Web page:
Coll [Allan] McLean and I Came from New York to Boston to know how Matters would be Settled by Genl Gage: it was then proposed and Agreed upon to raise twenty Companies or two Battalions Consisting of one Lt Colonl Commandant two Majors and Seventeen Captains, of which I was to be the first, or oldest Captain and was Confirmed by Coll McLean under his hand writeing in the beating order he gave me. I now See by a List that came here of ten Companies that Coll McLeans, Major Smalls and Wm Dunbars Commissions are dated the 13th June and all the rest of the Captains dated the 14th, I suppose to Settle their Ranks when they Come together by a throw of the dice and I may have the good Look to be the youngest in place of the oldest Captain in the Regt

Captn Dunbar Sold his Company Som’time agoe and of Course his rank of the Army the same time and I think it hard that he should be now put over my head after all my Services, and the trouble I have taken from first to Last about this Regiment. I am now going on to fifty Years of Age and if my Loyalty and Long Services are to be rewarded In this Manner I have but a poor Chance of dying a field officer. I am far from blaming Major Dunbar for accepting of the oldest Company I know he has merit to deserve Every promotion that Can be given him. without prejudice to others, there are few people I wish better than he but if it were my own brother I Could not help Complaining this time.
McDonald complained more directly to Gen. James Grant on 3 Dec 1775:
Besides my Long Services of about one & thirty years, I have taken more pains about the raising of this Chore than any other person Concernd in it. I have Sacrificed my wife & four Children & all I had in the world to Contribute all in my power for the Service of my King & Country.

I was promised to be the oldest Captain in this Regiment and now I find that Major Wm Dunbar is put over my head, a Gentleman who a few years agoe Sold his Company and of Course his Rank and I think it very hard and very unjust that he should take rank of me, notwithstanding I have a Sincere Reguard for him and think him worthy of every Step that can be given him without prejudice to others; this is the Grievance that I Complain of, and You’re the only officer of rank in the Army that I have the Least dependance upon I hope you’ll Use your Intrest to See me Redressed.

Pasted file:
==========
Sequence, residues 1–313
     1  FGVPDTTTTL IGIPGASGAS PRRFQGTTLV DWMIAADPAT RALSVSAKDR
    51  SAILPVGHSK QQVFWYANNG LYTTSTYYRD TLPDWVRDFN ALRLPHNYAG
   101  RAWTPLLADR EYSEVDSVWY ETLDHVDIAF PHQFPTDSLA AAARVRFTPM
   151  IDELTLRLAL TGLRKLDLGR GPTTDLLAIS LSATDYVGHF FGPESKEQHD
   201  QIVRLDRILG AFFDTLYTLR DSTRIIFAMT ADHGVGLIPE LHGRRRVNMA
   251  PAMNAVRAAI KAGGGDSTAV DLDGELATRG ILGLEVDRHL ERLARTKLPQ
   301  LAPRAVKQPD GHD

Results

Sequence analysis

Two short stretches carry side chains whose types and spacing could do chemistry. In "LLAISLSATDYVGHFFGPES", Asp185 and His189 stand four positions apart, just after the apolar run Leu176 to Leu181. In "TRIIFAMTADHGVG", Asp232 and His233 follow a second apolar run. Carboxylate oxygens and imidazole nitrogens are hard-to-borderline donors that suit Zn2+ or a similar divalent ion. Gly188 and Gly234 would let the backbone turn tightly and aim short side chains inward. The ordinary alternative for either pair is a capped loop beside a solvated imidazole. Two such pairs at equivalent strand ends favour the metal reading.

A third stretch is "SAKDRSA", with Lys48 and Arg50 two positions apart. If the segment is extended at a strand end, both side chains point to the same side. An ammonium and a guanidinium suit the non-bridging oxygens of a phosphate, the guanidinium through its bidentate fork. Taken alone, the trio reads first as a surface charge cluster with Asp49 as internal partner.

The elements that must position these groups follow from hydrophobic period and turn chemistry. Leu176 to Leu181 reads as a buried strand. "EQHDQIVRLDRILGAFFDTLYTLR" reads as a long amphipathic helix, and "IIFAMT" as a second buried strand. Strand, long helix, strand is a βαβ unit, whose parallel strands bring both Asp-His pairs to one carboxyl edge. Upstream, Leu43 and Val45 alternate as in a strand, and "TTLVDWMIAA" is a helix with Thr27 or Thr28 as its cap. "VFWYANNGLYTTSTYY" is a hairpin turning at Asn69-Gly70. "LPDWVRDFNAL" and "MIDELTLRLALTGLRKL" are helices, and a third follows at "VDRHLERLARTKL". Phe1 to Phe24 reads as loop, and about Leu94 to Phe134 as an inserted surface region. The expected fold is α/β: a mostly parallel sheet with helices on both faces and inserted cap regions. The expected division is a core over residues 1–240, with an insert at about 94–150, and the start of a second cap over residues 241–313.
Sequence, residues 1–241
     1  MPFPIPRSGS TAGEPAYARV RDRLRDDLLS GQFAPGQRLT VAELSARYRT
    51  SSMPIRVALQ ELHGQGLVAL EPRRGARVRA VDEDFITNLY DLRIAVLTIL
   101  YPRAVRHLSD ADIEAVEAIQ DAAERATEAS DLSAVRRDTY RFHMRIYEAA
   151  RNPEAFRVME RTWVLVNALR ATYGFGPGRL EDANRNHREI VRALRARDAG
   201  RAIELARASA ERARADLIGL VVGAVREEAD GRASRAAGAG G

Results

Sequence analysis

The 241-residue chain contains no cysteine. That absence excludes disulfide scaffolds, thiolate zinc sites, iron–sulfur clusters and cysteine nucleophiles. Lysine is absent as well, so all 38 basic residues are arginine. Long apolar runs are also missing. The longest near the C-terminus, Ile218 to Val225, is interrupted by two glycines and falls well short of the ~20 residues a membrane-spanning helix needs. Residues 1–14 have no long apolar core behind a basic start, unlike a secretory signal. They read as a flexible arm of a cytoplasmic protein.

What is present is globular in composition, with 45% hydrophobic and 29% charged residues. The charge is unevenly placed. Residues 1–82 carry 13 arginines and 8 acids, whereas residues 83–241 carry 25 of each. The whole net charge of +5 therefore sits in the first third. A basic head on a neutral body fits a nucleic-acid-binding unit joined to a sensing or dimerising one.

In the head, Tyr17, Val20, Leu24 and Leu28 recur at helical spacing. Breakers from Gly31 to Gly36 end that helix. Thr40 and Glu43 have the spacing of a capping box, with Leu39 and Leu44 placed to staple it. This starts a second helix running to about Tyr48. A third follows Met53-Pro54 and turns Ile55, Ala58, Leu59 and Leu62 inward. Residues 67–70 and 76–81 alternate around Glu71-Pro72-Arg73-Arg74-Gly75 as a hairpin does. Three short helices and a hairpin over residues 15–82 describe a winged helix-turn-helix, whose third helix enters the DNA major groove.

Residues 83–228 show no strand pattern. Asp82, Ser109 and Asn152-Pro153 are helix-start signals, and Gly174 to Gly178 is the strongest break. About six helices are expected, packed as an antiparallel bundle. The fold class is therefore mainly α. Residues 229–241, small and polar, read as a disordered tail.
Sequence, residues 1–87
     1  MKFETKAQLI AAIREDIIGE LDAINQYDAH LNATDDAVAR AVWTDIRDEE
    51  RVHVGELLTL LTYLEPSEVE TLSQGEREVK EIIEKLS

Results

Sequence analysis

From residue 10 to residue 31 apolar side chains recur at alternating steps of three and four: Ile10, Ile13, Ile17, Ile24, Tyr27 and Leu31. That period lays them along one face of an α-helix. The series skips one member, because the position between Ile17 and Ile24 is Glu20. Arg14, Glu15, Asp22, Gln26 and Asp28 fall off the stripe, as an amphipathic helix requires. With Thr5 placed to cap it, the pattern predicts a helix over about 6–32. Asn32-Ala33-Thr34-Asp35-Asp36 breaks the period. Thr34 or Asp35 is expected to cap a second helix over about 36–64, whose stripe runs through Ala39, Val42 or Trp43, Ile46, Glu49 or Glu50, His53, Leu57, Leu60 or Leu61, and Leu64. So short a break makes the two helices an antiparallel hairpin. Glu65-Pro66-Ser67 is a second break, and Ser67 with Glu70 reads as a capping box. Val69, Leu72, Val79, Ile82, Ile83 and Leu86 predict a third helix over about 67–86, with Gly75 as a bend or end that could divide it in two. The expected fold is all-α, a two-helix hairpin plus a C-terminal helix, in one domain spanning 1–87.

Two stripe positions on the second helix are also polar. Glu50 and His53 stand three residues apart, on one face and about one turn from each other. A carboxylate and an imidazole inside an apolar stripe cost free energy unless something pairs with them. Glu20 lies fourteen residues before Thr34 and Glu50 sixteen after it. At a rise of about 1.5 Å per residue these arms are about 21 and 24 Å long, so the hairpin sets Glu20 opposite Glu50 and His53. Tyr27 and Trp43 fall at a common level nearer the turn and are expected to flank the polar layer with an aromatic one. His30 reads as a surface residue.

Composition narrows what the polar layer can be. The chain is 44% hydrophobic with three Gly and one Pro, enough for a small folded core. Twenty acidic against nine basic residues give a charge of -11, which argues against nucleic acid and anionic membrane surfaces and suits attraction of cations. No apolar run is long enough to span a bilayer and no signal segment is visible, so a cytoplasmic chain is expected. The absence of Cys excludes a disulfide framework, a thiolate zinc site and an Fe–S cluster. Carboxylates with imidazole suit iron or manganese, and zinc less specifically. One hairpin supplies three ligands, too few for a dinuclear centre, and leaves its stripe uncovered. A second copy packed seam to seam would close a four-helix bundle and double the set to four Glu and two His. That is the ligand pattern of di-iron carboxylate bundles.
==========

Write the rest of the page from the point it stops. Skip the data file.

On 27 Jan 1776, McDonald hinted to Gen. Gage, “I am almost fifty years of Age and if Your Excellency thought proper its almost time I was A Major.” Of course, Gage was no longer in any position to help, having been superseded by Howe.

And Capt. McDonald wasn’t just looking out for himself. On 29 Dec 1775, he wrote to Maj. Small:
I gave you a hint before of my Eldest boy being twelve years of age and that I have seen Officers Children even bastards get Commissions at three years of age, witness Lt Colonel Alexander Campbell at the havannah and I think it would Not be adoeing a great deal of injustice either to the Regiment or the Army to give My Child an Ensigncy [the lowest officer rank].
McDonald’s 15 Jan 1776 letter to his wife Sukey implies that this boy had been at Princeton until a short time before: “Pray Let me know whether Mr Weatherspoon refuse to keep the boy in the College or whether it were your own Choice that he should remain at home...”

(As usual, I added a few paragraph breaks to these passages to make them easier to enjoy online. Please go to AmericanRevolution.org to check out more exact transcriptions. The thumbnail picture shows an officer of the 42nd Regiment of Foot in full dress uniform, courtesy of Parks Canada. This uniform resembles that of McDonald’s regiment, the Royal Highland Emigrants, after 1776. But the men may well have worn trousers or breeches while on the march.)